Prodan (dye)

From Wikipedia, the free encyclopedia
The structural formula for the naphthalene dye Prodan
Preferred IUPAC name
Other names
  • Prodan
  • 1-[6-(Dimethylamino)-2-naphthalenyl]-1-propanone
3D model (JSmol)
  • InChI=1S/C15H17NO/c1-4-15(17)13-6-5-12-10-14(16(2)3)8-7-11(12)9-13/h5-10H,4H2,1-3H3
  • CCC(=O)C1=CC2=C(C=C1)C=C(C=C2)N(C)C
Molar mass 227.307 g·mol−1
Melting point 137 °C (279 °F; 410 K)[3]
Occupational safety and health (OHS/OSH):
Main hazards
May cause skin/eye irritation
Safety data sheet (SDS) SDS
Except where otherwise noted, data are given for materials in their standard state (at 25 °C [77 °F], 100 kPa).

Prodan is a fluorescent dye (a naphthalene derivative) used as a membrane probe with environment-sensitive coloration,[6][7] as well as a non-covalently bonding probe for proteins.[7]

Prodan was proposed as a membrane dye by Weber and Farris in 1979. Since then, multiple derivatives have been introduced, such as lypophilic Laurdan (derivative of lauric acid) and thiol-reactive Badan (bromoacetic acid derivative) and Acrylodan.[7]

Being a push-pull dye, Prodan has a large excited-state dipole moment and consequently high sensibility to the polarity of its environment (solvent or cell membrane, including the physical state of surrounding phospholipids). Usually it is concentrated at the surface of the membrane, with some degree of penetration. Excited-state relaxation of prodan is sensitive to whether the linkage between phospholipid hydrocarbon tails and the glycerol backbone is of ether or ester type. Therefore, many studies exploited this sensitivity to explore coexisting lipid domains in dual-wavelength ratio measurements, to detect non-bilayer lipid phases, to map membrane structure changes.[7] However, Prodan presence itself is found to change the structure of membranes.[6]

In proteins, Prodan and Badan are quenched by non-covalent bonding with tryptophan and the oxidation of it by excited Prodan/Badan.[8]

Absorption of Prodan lies in the UV range (361 nm in methanol),[3] but two-photon excitation techniques have been successfully applied. Fluorescence wavelength is highly sensitive to the polarity of the environment. For example, the emission wavelength shifts from 380 nm in cyclohexane to 450 nm in DMFA[7] to 498 nm in methanol[3] to 520 nm in water.[7] Cyclic voltammetry shows a reversible reduction peak at —1.85 V in acetonitrile and a quasi-reversible one at —0.88 in aqueous buffer (pH 7.3) (vs. NHE). Contrariwise, excited-state reduction potential is +1.6 V in the acetonitrile and +0.6 V in water (vs. NHE).[8] Photostability of Prodan and Laurdan in low-polaritry environments is limited due to undergoing an intersystem crossing in the excited state, with subsequent reactions with triplet oxygen (this also diminishes its quantum yield, which is 0.95 in ethanol but only 0.03 in cyclohexane).[9]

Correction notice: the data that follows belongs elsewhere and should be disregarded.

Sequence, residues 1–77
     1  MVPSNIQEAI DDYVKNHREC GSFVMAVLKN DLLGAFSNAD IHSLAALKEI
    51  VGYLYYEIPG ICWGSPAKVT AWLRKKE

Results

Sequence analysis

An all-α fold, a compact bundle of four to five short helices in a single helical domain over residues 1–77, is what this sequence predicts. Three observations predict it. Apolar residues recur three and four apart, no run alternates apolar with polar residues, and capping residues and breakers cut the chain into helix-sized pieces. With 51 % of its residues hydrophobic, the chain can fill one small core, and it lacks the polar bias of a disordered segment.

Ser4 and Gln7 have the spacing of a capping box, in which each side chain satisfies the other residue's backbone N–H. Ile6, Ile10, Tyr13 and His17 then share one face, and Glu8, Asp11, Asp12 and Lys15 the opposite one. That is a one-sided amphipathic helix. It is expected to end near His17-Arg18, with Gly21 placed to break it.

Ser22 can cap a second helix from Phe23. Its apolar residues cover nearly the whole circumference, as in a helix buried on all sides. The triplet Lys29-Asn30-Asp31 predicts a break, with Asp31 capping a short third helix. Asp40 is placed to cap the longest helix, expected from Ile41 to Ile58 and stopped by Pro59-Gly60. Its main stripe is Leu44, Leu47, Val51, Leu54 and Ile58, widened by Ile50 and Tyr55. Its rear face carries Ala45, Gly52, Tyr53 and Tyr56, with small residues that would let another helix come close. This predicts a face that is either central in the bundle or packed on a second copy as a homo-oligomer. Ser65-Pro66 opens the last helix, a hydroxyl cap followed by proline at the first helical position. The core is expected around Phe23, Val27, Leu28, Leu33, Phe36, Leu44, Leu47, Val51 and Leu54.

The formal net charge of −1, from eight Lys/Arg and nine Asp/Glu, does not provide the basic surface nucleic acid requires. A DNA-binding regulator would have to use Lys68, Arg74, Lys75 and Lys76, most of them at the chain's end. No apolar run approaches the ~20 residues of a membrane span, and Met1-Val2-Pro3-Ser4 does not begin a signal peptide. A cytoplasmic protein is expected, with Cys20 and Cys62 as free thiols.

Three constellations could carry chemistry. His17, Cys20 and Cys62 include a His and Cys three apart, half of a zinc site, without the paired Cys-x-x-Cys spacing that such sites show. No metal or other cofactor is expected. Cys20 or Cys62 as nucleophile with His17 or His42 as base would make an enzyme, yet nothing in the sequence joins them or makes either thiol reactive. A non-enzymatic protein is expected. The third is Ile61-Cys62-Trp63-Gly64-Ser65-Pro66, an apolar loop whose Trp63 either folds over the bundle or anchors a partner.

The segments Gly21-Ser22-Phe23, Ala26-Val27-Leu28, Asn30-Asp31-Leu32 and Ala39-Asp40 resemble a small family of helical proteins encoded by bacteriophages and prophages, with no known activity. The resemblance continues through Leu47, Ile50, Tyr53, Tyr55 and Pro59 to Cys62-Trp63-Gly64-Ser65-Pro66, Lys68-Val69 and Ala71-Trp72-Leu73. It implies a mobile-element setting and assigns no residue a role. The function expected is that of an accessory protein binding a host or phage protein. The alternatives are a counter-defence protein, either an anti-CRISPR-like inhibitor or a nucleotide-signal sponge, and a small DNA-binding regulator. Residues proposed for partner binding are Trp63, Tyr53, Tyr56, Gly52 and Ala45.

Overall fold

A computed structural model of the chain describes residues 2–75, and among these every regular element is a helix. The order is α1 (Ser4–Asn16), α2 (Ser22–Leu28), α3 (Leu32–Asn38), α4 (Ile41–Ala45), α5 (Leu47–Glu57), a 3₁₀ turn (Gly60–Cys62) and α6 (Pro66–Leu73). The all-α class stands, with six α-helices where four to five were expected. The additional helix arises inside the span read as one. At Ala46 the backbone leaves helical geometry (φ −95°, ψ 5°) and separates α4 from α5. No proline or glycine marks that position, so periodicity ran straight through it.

1. ^ "Prodan (6-Propionyl-2-Dimethylaminonaphthalene)". Thermo Fisher Scientific. Retrieved 22 October 2019.
  2. ^ "Prodan". PubChem. National Center for Biotechnology Information. Retrieved 22 October 2019.
  3. ^ a b c "N,N-Dimethyl-6-propionyl-2-naphthylamine". Merck. Sigma-Aldrich. Retrieved 22 October 2019.
  4. ^ Safety Data Sheet. Life Technologies, Inc., Feb 6th 2015
  5. ^ Safety Data Sheet. Sigma-Aldrich Co., 2018
  6. ^ a b Suhaj, Adam; Le Marois, Alix; Williamson, David J.; Suhling, Klaus; Lorenz, Christian D.; Owen, Dylan M. (31 May 2018). "PRODAN differentially influences its local environment". Physical Chemistry Chemical Physics. 20 (23): 16060–16066. doi:10.1039/C8CP00543E. PMID 29850681. Retrieved 22 October 2019.
  7. ^ a b c d e f The Molecular Probes™ Handbook: A Guide to Fluorescent Probes and Labeling Technologies (PDF) (11 ed.). Thermo Fisher Scientific. 2010. pp. 579–584.
  8. ^ a b Pospíšil, Petr; Luxem, Katja E.; Ener, Maraia; Sýkora, Jan; Kocábová, Jana; Gray, Harry B.; Vlček, Jr., Antonín; Hof, Martin (28 August 2014). "Fluorescence Quenching of (Dimethylamino)naphthalene Dyes Badan and Prodan by Tryptophan in Cytochromes P450 and Micelles". Journal of Physical Chemistry B. 118 (34): 10085–10091. doi:10.1021/jp504625d. PMC 4148165. PMID 25079965.
  9. ^ Niko, Yosuke; Didier, Pascal; Mely, Yves; Konishi, Gen-ichi; Klymchenko, Andrey S. (11 January 2016). "Bright and photostable push-pull pyrene dye visualizes lipid order variation between plasma and intracellular membranes". Scientific Reports. 6: 18870. doi:10.1038/srep18870. PMC 4707542. PMID 26750324.